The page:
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Will voting machine glitches in KY and PA add to skepticism about election integrity?

Nov 8


Opinions about election integrity differ greatly between Republicans and Democrats. According to an Associated Press-NORC Center poll, only 22% of Republicans trust that their votes will be tallied correctly in the 2024 election, compared to 71% of Democrats.

The AP reports that Republican voters’ skepticism is connected to the controversy surrounding the 2020 election, rooted in claims that it was stolen.

Two recent elections will likely add to that skepticism. During the week of Nov. 5, voters in both Kentucky and Pennsylvania encountered voting machine glitches that, in some cases, reversed their votes to the opposing candidate.

Although no evidence of malicious intent behind the glitches has been cited, the fact they happened in these two races is not benefitting national efforts to convince voters that their votes will be counted accurately in 2024.

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[Karah Rucker]
Depending on your political preferences, views on election integrity widely differ.
According to an Associated Press poll, 22% of Republicans trust votes will be tallied accurately in the 2024 presidential election, Compared to 71% of Democrats.


The skepticism within the Republican Party largely stems from election fraud claims that tainted the 2020 election.

Now, headlines with words like “voting machines malfunction,” “voting machine glitch flipped votes,” “issue at voting machines” and counties face “ballot-marking machine issues” all on the day of an election add to the distrust in America’s democracy.


We want to offer some clarity on some of those “issues” from this week’s election.


From suspicious summaries of votes flipping, to a touch screen that would change from one straight-party ticket to a straight-party ticket for the opposing party, these were issues seen in some Pennsylvania and Kentucky counties.


In Northampton County Pennsylvania — with a population over 300,000 — voters were asked to decide whether two judges should be retained for additional 10-year terms.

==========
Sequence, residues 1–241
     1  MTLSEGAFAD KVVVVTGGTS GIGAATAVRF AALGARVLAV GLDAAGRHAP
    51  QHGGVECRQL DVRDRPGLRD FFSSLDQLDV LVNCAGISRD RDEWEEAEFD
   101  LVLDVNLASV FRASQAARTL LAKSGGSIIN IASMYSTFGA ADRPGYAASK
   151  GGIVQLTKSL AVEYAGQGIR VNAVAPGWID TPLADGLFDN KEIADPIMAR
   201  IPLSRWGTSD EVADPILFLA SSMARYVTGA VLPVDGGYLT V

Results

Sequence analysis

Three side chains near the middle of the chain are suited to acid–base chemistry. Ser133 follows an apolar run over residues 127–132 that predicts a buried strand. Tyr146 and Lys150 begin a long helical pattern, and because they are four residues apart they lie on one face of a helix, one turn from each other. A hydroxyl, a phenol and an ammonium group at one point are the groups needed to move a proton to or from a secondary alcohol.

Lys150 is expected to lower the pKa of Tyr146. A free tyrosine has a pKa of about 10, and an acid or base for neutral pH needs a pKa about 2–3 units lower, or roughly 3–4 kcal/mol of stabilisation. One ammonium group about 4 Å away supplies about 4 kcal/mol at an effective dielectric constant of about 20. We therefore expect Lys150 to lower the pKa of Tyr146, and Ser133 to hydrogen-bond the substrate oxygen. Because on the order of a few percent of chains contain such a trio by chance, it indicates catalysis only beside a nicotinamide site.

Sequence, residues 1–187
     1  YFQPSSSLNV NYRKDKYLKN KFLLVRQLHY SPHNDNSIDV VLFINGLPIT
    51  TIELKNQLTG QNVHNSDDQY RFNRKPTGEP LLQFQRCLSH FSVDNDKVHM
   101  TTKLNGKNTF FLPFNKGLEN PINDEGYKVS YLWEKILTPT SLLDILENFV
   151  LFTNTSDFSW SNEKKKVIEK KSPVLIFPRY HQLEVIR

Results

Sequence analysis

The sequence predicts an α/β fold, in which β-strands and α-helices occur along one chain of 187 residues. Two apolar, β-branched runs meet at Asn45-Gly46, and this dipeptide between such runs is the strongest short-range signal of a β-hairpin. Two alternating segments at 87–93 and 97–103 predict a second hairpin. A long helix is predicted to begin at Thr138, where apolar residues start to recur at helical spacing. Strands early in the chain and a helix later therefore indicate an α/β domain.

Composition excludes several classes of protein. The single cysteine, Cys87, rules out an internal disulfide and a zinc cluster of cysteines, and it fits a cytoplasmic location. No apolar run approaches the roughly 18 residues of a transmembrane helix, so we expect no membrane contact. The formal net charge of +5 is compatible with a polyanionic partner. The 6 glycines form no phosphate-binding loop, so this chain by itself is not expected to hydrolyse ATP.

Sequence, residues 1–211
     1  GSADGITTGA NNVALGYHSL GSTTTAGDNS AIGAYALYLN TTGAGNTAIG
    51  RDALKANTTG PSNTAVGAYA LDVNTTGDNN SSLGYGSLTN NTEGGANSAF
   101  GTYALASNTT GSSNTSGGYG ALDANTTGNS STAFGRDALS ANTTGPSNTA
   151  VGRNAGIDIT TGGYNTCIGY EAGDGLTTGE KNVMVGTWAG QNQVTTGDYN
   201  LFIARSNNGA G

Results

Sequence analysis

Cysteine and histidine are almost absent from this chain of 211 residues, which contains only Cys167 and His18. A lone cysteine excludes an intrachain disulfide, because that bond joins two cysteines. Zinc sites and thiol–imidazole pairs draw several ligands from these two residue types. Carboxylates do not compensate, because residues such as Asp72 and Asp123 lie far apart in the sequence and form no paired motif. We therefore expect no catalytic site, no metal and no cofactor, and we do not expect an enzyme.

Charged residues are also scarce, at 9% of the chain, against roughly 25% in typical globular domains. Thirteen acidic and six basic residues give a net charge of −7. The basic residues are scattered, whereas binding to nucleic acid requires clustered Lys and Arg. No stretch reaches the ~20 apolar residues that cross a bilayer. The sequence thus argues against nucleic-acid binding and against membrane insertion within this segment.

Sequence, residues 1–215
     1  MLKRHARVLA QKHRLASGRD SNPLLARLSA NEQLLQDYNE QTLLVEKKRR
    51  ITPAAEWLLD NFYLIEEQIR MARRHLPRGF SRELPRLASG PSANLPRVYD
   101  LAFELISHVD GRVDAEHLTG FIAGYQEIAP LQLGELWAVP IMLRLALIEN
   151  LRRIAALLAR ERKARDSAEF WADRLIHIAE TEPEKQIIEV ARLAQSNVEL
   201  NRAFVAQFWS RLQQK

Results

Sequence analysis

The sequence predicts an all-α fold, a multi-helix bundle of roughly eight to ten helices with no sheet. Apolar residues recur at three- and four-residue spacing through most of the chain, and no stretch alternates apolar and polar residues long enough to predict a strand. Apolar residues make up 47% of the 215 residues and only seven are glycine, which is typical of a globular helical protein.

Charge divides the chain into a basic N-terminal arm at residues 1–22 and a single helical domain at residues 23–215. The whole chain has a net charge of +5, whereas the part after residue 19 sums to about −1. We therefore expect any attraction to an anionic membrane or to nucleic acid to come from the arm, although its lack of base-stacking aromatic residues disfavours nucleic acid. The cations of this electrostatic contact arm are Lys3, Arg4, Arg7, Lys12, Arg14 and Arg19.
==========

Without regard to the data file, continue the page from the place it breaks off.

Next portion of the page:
When voters received their printed voting summary, the “yes” or “no” votes were switched. Election officials learned it was an issue on all 300 plus voting systems in the county.


Election officials say it was a clerical and coding error, and even though printed voting records showed a switch in votes, the voting machines’ “back-end system” tabulated the votes accurately. The officials also said the problem was confined to the judges’ races.


Meanwhile in Kentucky — with a governor’s race on the line – voting machines in some counties were selecting the wrong options on touch-screens. When a voter went to select a straight-party vote, election officials say sometimes it would highlight the wrong party.

Here is a local news report covering the issue.



“We received calls all afternoon from voters who had concerns about the electronic voting machines they used. They say they tapped on the screen to vote for one party but it actually voted for the other.”



“Yes, we’ve had issues. This isn’t the way an election is supposed to be conducted.”
“That all sounds horrible and it is, but that’s not the voting. That’s a ballot marking device.”



Apparently the issue was a persistent one starting days before during early voting, according to the election official. So, these flyers were hung at polling locations, alerting a voter to select their candidate by clicking their name rather than the tiny box because the touch screen was more efficient at reading a voters’ selections that way.


The county clerk also said it was an issue that did not impact the election results.

The issues were on a ballot marking system: a voter marks their choices electronically, then the machine prints a ballot that a voter then “reviews” and “submits” through a scanner — and that casts the vote.


Twenty-three counties in Kentucky use the same ballot-counting machines, though it’s unclear how many experienced the same issues.

County officials face much pressure ahead of an election. There is no evidence given in these cases that show malicious intent behind the errors.

“Hiccups,” “glitches” and “issues” reported were minimal compared to the thousands of local counties holding elections.



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